June 3, 1993
DOUGLAS H. JACKSON, APPELLANT
UNITED STATES, APPELLEE
Appeal from the Superior Court of the District of Columbia; (Hon. Arthur L. Burnett, Sr., Trial Judge)
Before Rogers, Chief Judge, and Schwelb and Farrell, Associate Judges.
The opinion of the court was delivered by: Rogers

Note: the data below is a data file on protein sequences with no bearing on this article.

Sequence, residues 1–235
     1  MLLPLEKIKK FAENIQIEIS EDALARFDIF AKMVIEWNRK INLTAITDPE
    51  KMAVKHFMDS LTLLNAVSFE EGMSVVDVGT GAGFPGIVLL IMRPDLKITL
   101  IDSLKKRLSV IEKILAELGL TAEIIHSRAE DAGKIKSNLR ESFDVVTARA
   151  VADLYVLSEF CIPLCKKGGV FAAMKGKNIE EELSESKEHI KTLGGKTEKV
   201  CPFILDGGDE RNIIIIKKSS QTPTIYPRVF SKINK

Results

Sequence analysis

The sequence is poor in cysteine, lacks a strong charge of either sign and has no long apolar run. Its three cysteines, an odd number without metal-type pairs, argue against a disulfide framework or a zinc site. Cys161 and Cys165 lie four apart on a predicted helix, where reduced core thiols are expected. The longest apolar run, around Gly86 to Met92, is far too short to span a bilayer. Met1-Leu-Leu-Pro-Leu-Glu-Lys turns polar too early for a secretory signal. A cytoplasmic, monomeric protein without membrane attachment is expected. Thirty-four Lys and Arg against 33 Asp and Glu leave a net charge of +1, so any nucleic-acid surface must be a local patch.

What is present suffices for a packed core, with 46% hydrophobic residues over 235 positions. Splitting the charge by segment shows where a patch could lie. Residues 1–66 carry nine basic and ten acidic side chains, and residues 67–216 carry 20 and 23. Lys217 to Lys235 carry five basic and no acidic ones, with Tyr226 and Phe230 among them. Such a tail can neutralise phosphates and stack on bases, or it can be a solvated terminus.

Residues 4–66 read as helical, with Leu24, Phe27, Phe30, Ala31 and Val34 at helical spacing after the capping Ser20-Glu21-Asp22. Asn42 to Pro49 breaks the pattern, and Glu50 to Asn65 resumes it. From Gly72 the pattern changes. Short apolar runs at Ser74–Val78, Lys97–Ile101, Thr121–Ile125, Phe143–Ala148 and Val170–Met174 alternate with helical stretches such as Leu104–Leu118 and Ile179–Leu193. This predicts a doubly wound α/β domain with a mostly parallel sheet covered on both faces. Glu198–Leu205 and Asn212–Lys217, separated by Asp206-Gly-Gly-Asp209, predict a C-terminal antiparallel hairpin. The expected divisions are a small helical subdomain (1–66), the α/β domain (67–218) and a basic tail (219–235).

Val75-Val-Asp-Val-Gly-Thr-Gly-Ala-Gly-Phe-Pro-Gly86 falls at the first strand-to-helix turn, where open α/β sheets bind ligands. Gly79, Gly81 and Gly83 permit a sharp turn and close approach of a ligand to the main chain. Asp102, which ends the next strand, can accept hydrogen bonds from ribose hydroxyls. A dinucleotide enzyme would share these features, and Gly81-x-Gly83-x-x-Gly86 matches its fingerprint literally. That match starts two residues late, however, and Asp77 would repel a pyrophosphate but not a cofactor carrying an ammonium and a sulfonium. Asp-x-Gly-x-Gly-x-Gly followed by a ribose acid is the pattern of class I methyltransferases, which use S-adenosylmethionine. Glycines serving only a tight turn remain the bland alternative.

ROGERS, Chief Judge : Appellant Douglas H. Jackson pro se filed an appeal on April 20, 1992, from the judgment of conviction entered on February 7, 1992, revoking his probation and sentencing him to four to twelve years imprisonment. He was originally rehired to note an appeal from the judgment revoking his probation by March 9, 1992. D.C. App. R. 4 (b). Later, however, the trial Judge extended the time for appeal nunc pro tunc by thirty days, until April 13, 1992 (allowing for notice by mailing) pursuant to D.C. App. R. 4 (b)(3). Nevertheless, appellant failed to note an appeal until April 20, 1992, seven days beyond the time limit of Rule 4 (b). Accordingly, we hold that the appeal is untimely and we dismiss the appeal for lack of jurisdiction. This dismissal is without prejudice to appellant renewing his claim in the trial court of ineffective assistance of counsel pursuant to D.C. Code § 23-110, an issue not reached by the trial Judge in granting appellant's motion to extend the time to appeal for 30 days pursuant to D.C. App. R. 4 (b)(3).